The importance of testing all aspects and features of a study before Go-Live cannot be over-emphasized. That being said, testing can be a very messy process. If not undertaken with a great deal of planning and documentation, the whole process of testing a study can be rendered not only ineffective but counterproductive. In comes User Acceptance Testing (UAT) to the rescue!

First, you might ask, what is UAT and how is it different from other forms of testing? Think of UAT as a dress rehearsal before a play. The actors all know their lines, the lighting director knows all their queues, and the sets have all been built and tested for safety. But you need to see it all together before you fill the seats with spectators. What if those perfectly built sets don’t line up with the spotlights or what if the bulky costumes get in the way of the actors’ performances? All the parts are there and accounted for, but the picture as a whole has yet to be validated.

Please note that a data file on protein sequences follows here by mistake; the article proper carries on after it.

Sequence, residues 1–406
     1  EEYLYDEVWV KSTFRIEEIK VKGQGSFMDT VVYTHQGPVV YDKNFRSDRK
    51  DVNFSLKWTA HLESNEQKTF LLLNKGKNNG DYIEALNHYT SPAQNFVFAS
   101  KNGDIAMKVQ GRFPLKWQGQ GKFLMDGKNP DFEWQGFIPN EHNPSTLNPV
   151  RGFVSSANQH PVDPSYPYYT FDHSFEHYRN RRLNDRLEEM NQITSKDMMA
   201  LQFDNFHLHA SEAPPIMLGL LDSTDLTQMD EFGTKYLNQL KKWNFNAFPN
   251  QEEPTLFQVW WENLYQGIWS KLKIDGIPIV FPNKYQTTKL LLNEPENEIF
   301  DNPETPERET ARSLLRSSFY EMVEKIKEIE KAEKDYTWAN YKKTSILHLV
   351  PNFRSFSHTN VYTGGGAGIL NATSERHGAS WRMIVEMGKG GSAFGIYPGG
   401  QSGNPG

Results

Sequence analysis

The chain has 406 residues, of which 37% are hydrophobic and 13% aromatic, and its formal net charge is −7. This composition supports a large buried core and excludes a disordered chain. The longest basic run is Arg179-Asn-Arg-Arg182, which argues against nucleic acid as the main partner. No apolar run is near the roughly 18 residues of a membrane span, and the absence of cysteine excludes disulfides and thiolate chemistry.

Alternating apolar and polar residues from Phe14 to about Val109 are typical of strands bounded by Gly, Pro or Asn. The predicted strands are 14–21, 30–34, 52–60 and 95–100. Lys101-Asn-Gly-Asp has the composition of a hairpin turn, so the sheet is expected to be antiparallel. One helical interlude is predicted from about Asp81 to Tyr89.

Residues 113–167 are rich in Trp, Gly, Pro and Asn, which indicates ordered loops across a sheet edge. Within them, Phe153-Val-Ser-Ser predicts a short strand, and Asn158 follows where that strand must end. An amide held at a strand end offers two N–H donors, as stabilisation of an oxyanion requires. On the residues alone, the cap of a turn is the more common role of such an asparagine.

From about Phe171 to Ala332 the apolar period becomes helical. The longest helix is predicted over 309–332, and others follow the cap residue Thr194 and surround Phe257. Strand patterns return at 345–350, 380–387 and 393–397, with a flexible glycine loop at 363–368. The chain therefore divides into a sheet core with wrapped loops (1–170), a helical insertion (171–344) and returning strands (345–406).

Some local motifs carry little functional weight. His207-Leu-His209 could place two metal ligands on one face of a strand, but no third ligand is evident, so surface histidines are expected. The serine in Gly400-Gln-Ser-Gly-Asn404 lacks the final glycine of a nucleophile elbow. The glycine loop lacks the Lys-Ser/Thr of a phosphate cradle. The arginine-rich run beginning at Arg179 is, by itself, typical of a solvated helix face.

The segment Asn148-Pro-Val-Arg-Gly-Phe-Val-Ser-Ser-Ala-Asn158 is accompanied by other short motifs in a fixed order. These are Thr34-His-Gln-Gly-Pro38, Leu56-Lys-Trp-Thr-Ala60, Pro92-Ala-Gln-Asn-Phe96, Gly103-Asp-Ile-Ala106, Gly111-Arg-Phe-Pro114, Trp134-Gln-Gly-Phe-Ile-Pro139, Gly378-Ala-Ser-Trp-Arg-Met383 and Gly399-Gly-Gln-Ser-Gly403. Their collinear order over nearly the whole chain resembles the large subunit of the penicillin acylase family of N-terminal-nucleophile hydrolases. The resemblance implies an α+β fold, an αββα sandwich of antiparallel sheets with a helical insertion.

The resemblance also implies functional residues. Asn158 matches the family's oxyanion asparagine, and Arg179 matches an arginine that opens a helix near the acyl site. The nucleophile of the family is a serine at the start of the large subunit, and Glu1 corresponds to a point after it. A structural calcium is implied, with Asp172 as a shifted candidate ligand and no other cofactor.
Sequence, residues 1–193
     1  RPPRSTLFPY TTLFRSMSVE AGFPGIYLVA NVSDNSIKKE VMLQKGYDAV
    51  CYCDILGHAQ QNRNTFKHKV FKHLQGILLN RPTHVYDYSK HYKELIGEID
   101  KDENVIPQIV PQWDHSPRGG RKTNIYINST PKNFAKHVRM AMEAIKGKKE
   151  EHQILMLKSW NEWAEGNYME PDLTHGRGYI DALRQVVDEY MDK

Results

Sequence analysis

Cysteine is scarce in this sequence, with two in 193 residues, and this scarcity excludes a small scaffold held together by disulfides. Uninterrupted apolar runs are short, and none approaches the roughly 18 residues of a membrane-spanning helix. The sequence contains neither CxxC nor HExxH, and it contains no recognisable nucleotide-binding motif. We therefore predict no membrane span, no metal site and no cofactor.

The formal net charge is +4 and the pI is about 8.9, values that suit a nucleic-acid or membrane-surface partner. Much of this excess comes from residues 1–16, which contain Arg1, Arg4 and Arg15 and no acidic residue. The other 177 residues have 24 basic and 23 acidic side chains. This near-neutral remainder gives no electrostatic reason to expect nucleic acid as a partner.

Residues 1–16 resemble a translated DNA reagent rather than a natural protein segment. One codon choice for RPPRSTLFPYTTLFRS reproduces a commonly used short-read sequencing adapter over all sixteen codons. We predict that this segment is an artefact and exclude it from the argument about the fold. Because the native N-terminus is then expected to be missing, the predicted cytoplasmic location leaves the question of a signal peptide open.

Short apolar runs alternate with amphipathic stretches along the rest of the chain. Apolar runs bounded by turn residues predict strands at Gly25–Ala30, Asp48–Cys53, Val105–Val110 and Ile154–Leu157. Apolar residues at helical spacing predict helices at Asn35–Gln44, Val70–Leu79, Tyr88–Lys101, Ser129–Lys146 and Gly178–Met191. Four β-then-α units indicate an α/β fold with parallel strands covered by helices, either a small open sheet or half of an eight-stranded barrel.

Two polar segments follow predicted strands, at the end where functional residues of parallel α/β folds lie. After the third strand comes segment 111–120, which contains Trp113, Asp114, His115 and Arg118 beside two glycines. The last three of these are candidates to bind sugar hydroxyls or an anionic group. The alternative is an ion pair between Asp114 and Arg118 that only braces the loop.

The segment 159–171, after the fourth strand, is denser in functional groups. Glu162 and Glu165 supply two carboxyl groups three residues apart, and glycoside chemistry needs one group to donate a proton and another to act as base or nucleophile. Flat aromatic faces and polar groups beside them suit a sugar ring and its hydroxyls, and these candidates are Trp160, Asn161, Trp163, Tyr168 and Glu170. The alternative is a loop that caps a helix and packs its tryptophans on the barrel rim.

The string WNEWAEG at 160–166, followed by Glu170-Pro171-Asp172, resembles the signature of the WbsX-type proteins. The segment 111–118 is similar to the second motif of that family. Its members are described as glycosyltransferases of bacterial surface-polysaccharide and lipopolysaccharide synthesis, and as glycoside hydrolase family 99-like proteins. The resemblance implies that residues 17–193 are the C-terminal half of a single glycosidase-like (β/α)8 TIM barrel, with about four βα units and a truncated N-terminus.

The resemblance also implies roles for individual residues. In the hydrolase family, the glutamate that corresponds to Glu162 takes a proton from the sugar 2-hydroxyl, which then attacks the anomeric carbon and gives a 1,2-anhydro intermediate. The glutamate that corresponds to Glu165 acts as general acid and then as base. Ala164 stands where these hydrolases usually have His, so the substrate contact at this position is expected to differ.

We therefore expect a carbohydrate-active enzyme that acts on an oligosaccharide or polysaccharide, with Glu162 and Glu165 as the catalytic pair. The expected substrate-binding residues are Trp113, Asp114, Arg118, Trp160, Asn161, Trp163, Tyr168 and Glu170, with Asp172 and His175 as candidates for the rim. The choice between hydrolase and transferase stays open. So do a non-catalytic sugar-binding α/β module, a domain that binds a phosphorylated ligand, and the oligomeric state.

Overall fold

The study-build process is similar. After each form has been tested separately, and all of the summaries and reports have been set up to your satisfaction, there is still the issue of unforeseen scenarios. You won’t be able to find or fix all the potential conflicts until you test the entire study as one. Set up a new site, enroll several patients, take each one through the entire screening/dosing/withdrawal/etc., process. Then do it again with another patient and another, until you have ironed out as many eventualities as possible. Even then, there may still be unforeseen problematic scenarios, but the purpose of UAT is to mitigate the number of issues that might come up during the Live study as thoroughly as possible. UAT is also a good way to provide you and your team with a finalized, succinct idea of what, exactly, you are signing off on before your sites begin entering patients. Once you complete your final run-through of the study, you can rest assured that you have done everything you can to make your study run smoothly.